Thanks for writing this! It actually shed a lot of light on why I have been in and out of periods of acting like an absolute Goblin over the first 6 months of my early retirement.
I also burnt out quite spectacularly and did so whilst trying to care for a partner who had undergone a massive surgery. I should have quit the job then and there, but I struggled on for much longer unable to work out what part of my life was the problem.
I felt so spent that I found myself feeling very resentful for things that my partner could have no control over and trying to please bosses that had treated me so so badly whilst it was all going on.
It was a nice to read your story and be able to relate to it. I hope others will read it and be able to avoid burnout and prioritise the relationships and work that is important to them.
I absolutely don’t regret being able to RE though, I finally feel like I am able to continue being my most true self, someone I left behind almost 15 years ago when I joined the work force.
All the best for the future of your retirement! I hope you and your partner get to enjoy many more moments of coziness and connection together after all that you have experienced.
I knew I was burnt out from / by / at my job 2 jobs ago. In the past 2 months I’m only starting to see how much. I jumped from 1 frying pan to another in an attempt to get out. Then someone I’d worked with posted my current job. I’m supported by my management and my peers expect me to know what I’m doing. And that I’m doing my work with positive intentions not to annoy them. It’s amazing how different. A very different recovery from burn out.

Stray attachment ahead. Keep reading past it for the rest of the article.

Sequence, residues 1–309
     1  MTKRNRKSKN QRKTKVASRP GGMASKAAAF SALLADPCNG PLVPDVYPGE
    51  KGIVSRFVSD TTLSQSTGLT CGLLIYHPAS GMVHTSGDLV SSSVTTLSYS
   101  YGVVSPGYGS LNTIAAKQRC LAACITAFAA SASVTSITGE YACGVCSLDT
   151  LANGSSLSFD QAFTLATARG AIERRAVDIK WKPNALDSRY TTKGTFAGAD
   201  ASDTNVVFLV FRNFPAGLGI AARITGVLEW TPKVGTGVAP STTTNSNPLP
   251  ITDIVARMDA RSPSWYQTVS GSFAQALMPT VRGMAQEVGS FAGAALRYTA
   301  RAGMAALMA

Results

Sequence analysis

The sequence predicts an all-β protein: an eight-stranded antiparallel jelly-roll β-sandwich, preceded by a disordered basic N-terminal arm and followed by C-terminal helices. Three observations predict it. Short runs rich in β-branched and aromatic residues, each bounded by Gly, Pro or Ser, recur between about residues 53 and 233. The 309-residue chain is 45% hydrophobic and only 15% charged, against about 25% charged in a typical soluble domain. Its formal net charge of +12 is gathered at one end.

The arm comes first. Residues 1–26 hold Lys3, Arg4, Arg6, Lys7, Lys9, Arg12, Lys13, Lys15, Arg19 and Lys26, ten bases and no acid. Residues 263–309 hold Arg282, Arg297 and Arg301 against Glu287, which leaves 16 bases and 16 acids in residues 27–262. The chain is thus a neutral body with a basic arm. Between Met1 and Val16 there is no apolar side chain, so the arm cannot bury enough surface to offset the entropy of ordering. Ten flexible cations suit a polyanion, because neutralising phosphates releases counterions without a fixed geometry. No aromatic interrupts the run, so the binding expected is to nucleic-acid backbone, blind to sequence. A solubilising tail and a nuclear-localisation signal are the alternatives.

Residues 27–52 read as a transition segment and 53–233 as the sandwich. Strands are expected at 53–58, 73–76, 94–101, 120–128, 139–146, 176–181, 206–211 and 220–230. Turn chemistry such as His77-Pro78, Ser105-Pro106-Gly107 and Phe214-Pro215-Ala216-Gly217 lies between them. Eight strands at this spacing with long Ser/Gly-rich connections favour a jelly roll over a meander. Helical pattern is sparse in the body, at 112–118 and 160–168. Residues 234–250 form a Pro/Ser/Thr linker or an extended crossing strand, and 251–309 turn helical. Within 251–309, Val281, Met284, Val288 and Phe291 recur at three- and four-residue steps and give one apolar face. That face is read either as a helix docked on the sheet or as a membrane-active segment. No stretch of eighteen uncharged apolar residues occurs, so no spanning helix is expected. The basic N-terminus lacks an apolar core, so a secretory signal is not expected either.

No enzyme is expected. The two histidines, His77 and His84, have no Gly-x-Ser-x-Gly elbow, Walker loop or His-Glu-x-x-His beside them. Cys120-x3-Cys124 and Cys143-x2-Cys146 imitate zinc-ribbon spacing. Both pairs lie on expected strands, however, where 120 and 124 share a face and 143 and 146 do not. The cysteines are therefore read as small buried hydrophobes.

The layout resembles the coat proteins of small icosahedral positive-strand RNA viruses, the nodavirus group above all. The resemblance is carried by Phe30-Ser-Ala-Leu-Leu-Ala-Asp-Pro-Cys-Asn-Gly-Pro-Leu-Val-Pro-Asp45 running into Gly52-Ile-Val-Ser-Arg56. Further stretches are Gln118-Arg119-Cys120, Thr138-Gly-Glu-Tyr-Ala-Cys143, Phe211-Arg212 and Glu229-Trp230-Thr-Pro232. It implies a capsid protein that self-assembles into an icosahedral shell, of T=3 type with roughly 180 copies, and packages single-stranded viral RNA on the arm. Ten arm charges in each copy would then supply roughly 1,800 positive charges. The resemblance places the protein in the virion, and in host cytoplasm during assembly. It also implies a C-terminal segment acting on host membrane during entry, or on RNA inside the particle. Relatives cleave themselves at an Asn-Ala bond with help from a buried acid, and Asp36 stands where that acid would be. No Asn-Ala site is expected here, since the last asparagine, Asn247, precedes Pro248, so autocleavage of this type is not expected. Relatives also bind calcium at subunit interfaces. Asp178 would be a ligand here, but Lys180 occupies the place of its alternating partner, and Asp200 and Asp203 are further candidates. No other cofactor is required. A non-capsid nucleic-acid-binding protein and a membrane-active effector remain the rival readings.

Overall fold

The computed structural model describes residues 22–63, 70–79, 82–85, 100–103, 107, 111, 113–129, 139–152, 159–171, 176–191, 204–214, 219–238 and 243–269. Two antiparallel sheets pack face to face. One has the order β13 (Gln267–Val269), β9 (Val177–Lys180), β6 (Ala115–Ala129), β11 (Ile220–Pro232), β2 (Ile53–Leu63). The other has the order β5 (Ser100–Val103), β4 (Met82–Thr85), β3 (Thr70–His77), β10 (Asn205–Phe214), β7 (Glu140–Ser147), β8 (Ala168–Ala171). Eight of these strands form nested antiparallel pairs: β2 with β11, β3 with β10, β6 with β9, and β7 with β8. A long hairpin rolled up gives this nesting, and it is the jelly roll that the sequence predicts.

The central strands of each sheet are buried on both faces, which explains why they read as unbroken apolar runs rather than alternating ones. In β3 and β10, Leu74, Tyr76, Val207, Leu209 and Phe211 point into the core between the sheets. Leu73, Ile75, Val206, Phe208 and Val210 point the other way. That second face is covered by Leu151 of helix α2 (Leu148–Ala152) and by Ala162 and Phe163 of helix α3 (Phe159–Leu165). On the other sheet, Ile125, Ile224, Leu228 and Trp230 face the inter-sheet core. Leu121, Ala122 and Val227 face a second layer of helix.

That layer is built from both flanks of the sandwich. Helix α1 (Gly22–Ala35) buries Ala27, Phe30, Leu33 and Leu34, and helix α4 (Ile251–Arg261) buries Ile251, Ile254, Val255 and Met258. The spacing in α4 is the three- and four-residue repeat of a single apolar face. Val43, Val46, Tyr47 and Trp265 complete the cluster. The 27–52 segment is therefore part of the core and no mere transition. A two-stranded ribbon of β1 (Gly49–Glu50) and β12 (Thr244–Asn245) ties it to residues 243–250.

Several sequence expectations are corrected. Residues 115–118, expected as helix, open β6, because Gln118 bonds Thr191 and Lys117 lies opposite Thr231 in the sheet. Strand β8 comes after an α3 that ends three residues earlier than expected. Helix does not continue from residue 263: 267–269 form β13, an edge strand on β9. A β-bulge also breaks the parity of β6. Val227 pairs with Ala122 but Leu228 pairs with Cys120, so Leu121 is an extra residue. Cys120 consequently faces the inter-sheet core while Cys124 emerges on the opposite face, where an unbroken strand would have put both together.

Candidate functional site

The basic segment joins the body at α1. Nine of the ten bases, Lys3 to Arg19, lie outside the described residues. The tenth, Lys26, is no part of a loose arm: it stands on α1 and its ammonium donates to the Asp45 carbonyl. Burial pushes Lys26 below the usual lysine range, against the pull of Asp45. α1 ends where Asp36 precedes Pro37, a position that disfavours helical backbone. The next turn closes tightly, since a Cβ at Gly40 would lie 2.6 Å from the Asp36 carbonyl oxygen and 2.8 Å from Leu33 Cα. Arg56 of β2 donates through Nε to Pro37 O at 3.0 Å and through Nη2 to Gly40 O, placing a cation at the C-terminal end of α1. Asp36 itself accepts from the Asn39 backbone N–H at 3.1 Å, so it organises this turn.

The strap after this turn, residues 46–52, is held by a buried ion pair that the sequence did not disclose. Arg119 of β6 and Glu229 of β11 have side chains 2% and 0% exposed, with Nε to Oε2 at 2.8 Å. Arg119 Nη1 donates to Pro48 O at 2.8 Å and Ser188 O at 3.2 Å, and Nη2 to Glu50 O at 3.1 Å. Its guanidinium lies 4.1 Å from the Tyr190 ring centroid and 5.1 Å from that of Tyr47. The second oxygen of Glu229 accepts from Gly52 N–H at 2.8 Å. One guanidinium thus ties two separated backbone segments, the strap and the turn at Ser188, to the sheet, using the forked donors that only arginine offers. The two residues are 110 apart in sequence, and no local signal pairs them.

Wishing you all the best & wishing your partner a speedy recovery.
I guess I’m jealous because I’ll never be able to do this and will probably just retire at retirement age if I’m lucky. I’m ironically my hatred of working is what stops me from saving enough to stop working. C’est la vie
My “mini retirement” turned out to be one massive failure. I knew after 2 months, possibly less, that it wasn’t the correct choice, but it took me almost 2 years to re-enter the workforce. Actually, that’s not true, I found a crap job but “mini retired” a second time because the first job I found sucked, lol
I had my blog which definitely surpassed any personal goals in terms of traffic, but as soon as my mini retirement started to suck, I noticed the tone of my blogs was going in a direction that I did not want to represent myself with, reader comments dropped off massively, and since I had no literal idea what to do with my blog or with my life, I shut it all down and curled up into a ball and cut myself off from the world.
I think perhaps I’ll start blogging again so that I can help others to learn not to make the same mistakes.